2. The “Mandate for Palestine” Document
1920 - Original territory assigned to the Jewish National Home
1922 - Final territory assigned to the Jewish National Home
The ICJ, in noting it would briefly analyze “the status of the territory concerned,” and the “Historical background,” fails to cite the true and relevant content of the historical document, the “Mandate for Palestine.”1
The “Mandate for Palestine” [E.H., the Court refers to as “Mandate”] laid down the Jewish right to settle anywhere in western Palestine, the area between the Jordan River and the Mediterranean Sea, an entitlement unaltered in international law and valid to this day.
The legally binding Mandate for Palestine document, was conferred on April 24 1920, at the San Remo Conference and its terms outlined in the Treaty of Sevres on August 10 1920. The Mandate’s terms were finalized on July 24 1922, and became operational in 1923.
In paragraphs 68 and 69 of the opinion, ICJ states it will first “determine whether or not the construction of that wall breaches international law.” The opinion quotes hundreds of documents as relevant to the case at hand, but only a few misleading paragraphs are devoted to the “Mandate.” Moreover, when it comes to discussing the significance of the ‘founding document’ regarding the status of the territory in question – situated between the Jordan River and the Mediterranean Sea, including the State of Israel, the West Bank and Gaza – the ICJ devotes a mere 237 murky words to nearly 30 years of history when Great Britain ruled the land it called Palestine.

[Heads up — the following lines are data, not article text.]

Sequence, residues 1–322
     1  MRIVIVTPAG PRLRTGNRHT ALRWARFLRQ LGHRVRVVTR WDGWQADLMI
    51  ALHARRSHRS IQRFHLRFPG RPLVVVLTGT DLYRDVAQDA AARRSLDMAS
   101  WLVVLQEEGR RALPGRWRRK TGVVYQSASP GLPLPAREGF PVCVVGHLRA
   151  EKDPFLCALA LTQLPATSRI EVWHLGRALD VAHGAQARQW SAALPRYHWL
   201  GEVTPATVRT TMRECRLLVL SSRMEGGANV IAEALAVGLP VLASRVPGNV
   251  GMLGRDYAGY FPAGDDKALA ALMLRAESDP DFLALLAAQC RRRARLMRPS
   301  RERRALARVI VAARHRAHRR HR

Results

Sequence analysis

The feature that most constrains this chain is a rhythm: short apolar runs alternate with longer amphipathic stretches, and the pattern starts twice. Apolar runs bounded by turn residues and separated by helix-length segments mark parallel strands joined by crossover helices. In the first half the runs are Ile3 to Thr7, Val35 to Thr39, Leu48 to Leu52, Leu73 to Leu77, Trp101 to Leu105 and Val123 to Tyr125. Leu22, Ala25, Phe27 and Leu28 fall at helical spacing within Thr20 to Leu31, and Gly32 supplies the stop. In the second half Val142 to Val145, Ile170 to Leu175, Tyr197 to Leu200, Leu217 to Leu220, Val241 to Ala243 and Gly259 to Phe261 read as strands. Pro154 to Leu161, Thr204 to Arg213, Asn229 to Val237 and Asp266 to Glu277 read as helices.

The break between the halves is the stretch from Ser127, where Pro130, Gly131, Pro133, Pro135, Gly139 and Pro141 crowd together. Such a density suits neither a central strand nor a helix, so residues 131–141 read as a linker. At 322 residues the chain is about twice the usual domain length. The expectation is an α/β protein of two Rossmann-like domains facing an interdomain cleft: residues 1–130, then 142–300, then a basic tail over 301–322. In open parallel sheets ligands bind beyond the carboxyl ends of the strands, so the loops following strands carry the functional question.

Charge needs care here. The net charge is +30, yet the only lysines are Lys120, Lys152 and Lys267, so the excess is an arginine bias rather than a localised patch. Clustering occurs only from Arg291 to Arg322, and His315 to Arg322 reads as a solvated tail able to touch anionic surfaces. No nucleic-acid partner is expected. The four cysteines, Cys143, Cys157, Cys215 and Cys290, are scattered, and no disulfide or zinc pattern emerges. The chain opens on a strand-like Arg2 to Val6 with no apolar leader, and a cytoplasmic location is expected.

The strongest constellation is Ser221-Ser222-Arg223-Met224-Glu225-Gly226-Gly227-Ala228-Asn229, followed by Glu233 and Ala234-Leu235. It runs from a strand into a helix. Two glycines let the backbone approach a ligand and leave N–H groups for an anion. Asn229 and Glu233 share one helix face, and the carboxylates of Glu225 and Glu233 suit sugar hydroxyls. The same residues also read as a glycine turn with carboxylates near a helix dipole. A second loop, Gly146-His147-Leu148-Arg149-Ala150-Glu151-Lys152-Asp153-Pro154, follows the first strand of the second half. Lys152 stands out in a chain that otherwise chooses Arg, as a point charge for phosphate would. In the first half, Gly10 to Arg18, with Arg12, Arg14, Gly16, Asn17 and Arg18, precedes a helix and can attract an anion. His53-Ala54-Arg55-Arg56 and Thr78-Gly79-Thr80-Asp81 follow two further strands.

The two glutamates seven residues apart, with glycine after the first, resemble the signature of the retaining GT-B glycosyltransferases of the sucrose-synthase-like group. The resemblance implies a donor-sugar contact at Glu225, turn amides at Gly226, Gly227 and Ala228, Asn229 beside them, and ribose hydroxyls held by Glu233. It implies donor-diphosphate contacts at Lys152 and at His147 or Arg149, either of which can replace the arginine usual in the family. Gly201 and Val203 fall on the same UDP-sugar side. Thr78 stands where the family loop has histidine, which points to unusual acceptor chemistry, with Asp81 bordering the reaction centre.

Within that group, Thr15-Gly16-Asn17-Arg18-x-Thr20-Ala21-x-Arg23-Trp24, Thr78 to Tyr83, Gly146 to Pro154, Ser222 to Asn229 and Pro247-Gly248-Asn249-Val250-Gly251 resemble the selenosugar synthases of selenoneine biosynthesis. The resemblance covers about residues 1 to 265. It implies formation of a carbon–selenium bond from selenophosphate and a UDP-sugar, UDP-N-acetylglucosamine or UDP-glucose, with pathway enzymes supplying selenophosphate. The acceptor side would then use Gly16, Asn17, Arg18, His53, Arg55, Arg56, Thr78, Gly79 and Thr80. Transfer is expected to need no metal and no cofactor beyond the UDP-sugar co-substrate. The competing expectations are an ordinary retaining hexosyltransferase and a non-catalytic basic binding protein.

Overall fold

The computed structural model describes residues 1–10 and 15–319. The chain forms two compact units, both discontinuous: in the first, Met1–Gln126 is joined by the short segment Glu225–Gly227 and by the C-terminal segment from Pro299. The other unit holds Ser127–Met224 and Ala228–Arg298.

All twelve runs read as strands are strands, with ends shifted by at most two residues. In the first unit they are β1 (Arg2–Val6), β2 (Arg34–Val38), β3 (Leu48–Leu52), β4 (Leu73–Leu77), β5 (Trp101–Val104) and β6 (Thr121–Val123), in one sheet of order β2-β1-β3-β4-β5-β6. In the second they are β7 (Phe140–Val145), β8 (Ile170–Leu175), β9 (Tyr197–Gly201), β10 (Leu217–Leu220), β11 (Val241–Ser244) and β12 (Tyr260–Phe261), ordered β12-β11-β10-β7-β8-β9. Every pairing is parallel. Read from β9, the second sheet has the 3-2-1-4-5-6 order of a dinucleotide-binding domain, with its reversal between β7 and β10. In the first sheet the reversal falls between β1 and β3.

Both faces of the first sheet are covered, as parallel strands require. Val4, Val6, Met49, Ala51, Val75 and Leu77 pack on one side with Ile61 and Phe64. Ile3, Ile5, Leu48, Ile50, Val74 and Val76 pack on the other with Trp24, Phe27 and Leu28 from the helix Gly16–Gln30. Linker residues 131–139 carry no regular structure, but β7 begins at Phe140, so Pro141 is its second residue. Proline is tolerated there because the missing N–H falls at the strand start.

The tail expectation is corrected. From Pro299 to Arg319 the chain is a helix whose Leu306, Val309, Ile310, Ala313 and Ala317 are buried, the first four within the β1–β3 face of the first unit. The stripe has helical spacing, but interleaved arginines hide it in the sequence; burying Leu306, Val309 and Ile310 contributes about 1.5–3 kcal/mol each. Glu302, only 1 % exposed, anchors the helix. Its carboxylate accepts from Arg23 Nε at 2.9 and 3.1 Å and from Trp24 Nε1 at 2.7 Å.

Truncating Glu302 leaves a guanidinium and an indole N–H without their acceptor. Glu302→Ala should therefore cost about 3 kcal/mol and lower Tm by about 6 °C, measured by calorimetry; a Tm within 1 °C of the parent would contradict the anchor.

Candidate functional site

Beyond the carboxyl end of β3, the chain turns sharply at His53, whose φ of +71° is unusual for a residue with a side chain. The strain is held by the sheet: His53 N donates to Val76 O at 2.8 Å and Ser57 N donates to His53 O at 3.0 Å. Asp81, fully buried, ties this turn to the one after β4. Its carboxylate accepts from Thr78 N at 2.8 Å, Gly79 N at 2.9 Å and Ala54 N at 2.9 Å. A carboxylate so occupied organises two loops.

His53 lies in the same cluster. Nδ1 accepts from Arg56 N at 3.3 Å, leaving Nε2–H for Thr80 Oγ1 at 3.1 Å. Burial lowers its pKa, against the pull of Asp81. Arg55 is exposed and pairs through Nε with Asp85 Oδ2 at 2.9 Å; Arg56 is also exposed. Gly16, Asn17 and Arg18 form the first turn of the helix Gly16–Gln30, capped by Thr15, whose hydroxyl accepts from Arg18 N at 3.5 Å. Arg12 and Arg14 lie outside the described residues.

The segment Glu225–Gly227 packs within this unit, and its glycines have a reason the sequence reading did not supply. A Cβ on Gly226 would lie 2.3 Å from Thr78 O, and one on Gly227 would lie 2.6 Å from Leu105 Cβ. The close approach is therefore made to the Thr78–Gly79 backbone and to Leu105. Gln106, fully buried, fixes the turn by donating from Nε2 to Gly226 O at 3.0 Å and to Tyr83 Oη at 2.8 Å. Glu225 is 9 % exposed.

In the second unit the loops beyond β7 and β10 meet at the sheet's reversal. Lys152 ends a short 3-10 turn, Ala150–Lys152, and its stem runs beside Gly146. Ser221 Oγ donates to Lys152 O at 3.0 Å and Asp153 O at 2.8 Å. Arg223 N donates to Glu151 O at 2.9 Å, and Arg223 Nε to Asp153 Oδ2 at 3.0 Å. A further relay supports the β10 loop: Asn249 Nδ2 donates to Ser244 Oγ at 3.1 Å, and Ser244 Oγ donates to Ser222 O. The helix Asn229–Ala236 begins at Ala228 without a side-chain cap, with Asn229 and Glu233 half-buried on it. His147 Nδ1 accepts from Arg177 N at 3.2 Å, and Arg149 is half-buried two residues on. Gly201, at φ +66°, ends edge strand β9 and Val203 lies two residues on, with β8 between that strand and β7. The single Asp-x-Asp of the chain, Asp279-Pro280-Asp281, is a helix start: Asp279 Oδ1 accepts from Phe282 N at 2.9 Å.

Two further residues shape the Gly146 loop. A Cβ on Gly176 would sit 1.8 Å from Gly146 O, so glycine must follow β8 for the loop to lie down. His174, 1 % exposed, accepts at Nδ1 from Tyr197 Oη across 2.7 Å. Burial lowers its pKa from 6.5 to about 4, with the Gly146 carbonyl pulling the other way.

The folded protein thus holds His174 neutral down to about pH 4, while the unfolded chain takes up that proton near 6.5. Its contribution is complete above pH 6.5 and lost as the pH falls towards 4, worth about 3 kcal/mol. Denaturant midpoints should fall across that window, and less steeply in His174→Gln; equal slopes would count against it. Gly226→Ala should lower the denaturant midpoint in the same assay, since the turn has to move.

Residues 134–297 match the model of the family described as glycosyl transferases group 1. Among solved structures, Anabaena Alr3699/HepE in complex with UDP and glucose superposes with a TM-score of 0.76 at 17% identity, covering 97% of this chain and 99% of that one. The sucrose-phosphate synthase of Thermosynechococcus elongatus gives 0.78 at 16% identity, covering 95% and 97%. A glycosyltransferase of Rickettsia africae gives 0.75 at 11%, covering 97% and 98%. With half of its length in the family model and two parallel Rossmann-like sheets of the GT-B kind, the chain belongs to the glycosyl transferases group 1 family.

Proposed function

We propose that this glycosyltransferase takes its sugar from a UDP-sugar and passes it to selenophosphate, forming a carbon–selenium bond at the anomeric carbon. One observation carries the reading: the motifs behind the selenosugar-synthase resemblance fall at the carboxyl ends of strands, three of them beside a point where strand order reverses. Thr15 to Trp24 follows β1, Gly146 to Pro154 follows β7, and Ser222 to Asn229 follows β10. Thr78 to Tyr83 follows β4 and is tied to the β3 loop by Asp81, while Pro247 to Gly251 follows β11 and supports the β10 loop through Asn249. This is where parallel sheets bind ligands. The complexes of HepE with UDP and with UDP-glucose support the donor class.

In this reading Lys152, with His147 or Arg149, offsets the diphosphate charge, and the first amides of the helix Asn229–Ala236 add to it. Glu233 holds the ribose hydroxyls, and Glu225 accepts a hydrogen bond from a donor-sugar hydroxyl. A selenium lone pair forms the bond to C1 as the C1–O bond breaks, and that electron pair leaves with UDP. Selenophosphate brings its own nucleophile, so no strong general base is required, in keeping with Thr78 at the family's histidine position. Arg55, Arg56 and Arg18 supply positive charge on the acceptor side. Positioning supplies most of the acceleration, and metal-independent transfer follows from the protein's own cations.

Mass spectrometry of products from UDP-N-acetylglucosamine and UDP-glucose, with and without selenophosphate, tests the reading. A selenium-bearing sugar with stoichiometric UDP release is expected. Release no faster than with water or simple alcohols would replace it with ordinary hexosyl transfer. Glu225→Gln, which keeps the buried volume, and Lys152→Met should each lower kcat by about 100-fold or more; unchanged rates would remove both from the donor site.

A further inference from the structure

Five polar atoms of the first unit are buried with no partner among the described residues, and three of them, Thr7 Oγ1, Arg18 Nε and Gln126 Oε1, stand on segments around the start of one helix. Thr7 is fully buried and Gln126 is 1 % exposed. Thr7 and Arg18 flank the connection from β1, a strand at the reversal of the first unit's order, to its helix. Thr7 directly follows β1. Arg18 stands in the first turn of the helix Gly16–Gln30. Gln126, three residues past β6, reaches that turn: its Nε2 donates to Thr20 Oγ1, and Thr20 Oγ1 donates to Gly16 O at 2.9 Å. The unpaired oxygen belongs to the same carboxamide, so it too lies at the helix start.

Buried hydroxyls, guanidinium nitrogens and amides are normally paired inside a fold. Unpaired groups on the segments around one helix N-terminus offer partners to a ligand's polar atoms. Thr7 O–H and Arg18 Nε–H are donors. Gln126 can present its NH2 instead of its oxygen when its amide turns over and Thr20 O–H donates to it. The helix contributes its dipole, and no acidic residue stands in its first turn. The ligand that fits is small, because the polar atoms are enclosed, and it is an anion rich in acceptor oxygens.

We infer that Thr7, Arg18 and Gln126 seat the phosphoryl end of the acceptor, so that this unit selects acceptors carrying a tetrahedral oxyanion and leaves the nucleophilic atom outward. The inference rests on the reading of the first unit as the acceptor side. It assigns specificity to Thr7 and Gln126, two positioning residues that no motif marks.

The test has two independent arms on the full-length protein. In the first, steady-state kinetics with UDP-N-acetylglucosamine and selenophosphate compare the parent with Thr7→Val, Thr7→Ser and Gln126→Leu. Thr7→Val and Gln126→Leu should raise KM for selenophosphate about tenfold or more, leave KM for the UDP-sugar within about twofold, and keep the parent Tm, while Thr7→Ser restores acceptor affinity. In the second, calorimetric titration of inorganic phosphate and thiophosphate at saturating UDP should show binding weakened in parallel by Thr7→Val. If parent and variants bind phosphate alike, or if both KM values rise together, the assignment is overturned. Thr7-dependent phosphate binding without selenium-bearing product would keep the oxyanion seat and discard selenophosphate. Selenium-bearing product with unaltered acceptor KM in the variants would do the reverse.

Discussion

All the more remarkable, the ICJ thinks that the “Mandate for Palestine” was the founding document for Arab Palestinian self-determination!
The ICJ’s faulty reading of the “Mandate.”
“Palestine was part of the Ottoman Empire. At the end of the First World War, a class ‘A’ Mandate for Palestine was entrusted to Great Britain by the League of Nations, pursuant to paragraph 4 of Article 22 of the Covenant, which provided that: ‘Certain communities, formerly belonging to the Turkish Empire, have reached a stage of development where their existence as independent nations can be provisionally recognized, subject to the rendering of administrative advice and assistance by a Mandatory until such time as they are able to stand alone.’”2
The judges choose to speak of “Palestine” in lieu of the actual wording of the historic document that established the Mandate for Palestine – “territory of Palestine.”3 The latter would demonstrate that “Palestine” is a geographic designation, and not a polity. In fact, Palestine has never been an independent state belonging to any people, nor did a Palestinian people, distinct from other Arabs, appear during 1,300 years of Muslim hegemony in Palestine under Arab and Ottoman rule. Local Arabs during that rule were actually considered part of and subject to the authority of Greater Syria (Suriyya al-Kubra).
The ICJ, throughout its lengthy opinion, chooses to speak incessantly of “Palestinians” and “Palestine” as an Arab entity, failing to define these two terms and making no clarification as to the nature of the “Mandate for Palestine.”
Palestine is a geographical area, not a nationality.
Below is a copy of the document as filed at the British National Archive describing the delineation of the geographical area called Palestine:
Palestine lies on the western edge of the continent of Asia between Latitude 30° N. and 33° N., Longitude 34° 30’ E. and 35° 30’ E.
On the North it is bounded by the French Mandated Territories of Syria and Lebanon, on the East by Syria and Trans-Jordan, on the South-west by the Egyptian province of Sinai, on the South-east by the Gulf of Aqaba and on the West by the Mediterranean. The frontier with Syria was laid down by the Anglo-French Convention of the 23rd December, 1920, and its delimitation was ratified in 1923. Briefly stated, the boundaries are as follows: